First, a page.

Just over two weeks since Bryce Harper signed a record-breaking 13-year, $330 million with the Philadelphia Phillies, Mike Trout established a new record by signing a 12-year contract worth $430 million. The contract adds 10 years to his current contract which was set to expire after the 2020 season. As of this writing, the Angels had yet to make a formal announcement.
The contract establishes two records. First, it is the first $400 million contract in Major League history. Secondly, and probably more significantly, Trout’s contract establishes a new record for average annual value. Trout will receive an average of $35.83 million per season breaking the previous record established by Zack Grienke who has an AAV of $34.4 million per year with his contract for the Diamondbacks.
The signing of Trout was a surprise to many who felt Trout would assuredly want to test free agency in two years. Instead, Trout’s contract will ensure – at least on paper – that Trout will remain in Los Angeles for the next dozen years. There is no opt-out clause in the contract.
Trout has been the face of Major League baseball since arriving on the scene in 2012 when he won American League Rookie of the Year. Trout has finished either first or second in the American League Most Valuable Player Award voting in every season he has played. He won the award in 2014 and 2016. The seven-time All-Star has also won the Silver Slugger award (which recognizes the best offensive player at a player’s respective position) six times in seven years.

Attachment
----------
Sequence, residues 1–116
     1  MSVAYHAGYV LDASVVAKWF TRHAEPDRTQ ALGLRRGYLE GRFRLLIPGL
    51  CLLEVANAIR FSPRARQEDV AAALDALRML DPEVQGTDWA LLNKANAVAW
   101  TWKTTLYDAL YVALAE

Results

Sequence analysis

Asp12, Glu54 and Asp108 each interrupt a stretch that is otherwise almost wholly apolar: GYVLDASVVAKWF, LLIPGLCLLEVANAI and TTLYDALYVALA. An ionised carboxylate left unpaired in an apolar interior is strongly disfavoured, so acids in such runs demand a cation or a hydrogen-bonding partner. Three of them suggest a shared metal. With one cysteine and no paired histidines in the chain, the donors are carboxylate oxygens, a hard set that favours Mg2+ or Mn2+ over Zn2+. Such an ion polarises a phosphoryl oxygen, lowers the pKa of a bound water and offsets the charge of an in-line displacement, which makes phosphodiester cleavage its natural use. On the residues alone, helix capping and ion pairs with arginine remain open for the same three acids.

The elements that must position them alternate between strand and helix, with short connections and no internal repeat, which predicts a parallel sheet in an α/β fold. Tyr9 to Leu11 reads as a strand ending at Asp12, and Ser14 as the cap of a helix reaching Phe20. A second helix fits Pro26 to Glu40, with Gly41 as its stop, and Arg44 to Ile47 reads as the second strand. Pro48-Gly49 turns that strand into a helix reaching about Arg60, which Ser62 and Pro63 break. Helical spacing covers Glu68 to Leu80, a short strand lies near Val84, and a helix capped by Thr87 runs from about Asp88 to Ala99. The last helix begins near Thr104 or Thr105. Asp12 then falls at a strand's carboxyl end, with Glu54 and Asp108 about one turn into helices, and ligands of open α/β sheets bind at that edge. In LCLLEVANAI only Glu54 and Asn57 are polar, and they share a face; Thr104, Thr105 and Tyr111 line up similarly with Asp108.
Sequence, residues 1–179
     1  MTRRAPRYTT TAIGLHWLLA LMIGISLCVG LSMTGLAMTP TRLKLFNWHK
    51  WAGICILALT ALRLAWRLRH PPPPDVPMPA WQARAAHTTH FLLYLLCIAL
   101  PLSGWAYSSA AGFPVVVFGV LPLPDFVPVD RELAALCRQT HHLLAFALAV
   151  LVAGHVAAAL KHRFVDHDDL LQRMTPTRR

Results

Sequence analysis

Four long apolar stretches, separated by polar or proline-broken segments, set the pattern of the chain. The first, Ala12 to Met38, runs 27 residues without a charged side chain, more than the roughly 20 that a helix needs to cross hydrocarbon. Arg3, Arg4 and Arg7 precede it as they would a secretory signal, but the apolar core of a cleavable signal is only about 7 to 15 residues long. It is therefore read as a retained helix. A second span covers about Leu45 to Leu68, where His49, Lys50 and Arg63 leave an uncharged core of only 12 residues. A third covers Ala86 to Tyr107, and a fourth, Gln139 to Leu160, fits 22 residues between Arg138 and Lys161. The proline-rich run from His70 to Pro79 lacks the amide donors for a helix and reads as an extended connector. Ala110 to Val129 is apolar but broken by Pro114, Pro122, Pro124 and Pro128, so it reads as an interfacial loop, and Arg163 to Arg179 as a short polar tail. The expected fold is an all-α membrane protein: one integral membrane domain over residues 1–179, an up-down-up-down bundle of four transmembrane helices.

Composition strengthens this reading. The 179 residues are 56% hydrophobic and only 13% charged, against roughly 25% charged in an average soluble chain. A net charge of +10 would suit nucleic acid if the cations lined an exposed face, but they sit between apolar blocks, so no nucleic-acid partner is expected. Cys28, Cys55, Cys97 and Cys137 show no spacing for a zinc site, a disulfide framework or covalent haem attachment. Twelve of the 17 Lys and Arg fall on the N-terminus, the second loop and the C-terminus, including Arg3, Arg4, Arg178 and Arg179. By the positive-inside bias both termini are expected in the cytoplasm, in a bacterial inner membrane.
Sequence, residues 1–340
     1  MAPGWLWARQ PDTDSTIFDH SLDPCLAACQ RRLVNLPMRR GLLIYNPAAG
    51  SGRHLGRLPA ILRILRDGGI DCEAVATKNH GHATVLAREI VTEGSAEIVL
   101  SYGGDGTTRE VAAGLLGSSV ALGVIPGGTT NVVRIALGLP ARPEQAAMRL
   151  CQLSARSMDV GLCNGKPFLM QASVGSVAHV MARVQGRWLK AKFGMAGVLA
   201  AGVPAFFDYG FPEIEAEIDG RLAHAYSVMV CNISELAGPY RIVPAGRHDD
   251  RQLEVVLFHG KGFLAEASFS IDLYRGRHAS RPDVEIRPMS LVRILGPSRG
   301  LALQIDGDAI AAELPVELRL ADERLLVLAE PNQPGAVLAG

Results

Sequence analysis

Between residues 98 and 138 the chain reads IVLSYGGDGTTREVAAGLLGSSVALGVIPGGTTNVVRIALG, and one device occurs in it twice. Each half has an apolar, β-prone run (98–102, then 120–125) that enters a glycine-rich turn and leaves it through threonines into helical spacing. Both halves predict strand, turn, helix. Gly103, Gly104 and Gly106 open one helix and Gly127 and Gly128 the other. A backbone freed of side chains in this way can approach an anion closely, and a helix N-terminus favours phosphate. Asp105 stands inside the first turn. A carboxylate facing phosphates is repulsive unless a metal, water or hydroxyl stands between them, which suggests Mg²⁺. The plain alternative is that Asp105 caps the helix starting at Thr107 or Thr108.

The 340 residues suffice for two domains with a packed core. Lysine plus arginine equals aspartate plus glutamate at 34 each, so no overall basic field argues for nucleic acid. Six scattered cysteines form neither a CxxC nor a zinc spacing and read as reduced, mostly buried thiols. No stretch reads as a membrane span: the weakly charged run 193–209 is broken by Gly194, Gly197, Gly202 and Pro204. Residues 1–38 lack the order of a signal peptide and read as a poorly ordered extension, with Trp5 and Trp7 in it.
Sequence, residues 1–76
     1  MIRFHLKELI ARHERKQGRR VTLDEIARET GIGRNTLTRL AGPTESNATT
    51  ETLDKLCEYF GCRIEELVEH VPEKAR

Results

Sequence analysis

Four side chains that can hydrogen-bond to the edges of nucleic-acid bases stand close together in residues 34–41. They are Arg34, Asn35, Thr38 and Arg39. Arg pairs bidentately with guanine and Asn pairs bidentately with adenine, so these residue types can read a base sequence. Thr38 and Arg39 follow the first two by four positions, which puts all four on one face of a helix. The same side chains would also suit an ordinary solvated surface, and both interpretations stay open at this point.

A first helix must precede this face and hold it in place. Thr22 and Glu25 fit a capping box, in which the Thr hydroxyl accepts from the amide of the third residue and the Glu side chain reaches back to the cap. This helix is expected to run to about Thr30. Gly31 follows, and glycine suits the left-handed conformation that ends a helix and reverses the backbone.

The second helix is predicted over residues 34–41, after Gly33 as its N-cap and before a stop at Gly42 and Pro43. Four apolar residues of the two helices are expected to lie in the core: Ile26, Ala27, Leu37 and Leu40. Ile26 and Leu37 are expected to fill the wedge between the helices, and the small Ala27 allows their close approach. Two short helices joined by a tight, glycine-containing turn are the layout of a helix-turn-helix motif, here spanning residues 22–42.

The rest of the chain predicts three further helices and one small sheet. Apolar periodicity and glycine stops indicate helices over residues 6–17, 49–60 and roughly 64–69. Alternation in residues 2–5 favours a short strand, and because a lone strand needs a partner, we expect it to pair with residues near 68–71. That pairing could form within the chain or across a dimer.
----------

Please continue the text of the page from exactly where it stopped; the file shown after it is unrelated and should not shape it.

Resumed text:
From a sabermetrics standpoint, Trout continues to advance up the all-time list for Baseball Reference’s Wins Above Replacement (WAR) metric. In seven major league seasons, Trout has posted a WAR of 64.3 which is a record among position players through the season in which they turned 26. His average WAR of 9.1 includes his low mark of 6.7 set during an injury-plagued 2017 season. If Trout simply hits his average WAR this season he will climb 61 spots and move to 83on the all-time WAR list.
Although Major League baseball is still coming to grips with the ramifications of a slow free agency season, the Trout contract represents the third record-setting contract to be signed in the last month. First Manny Machado signed a 10-year, $300 million contract with the San Diego Padres, marking the first time a free agent player had received a $300 million contract. Next came Harper’s deal with the Phillies, and now Trout’s.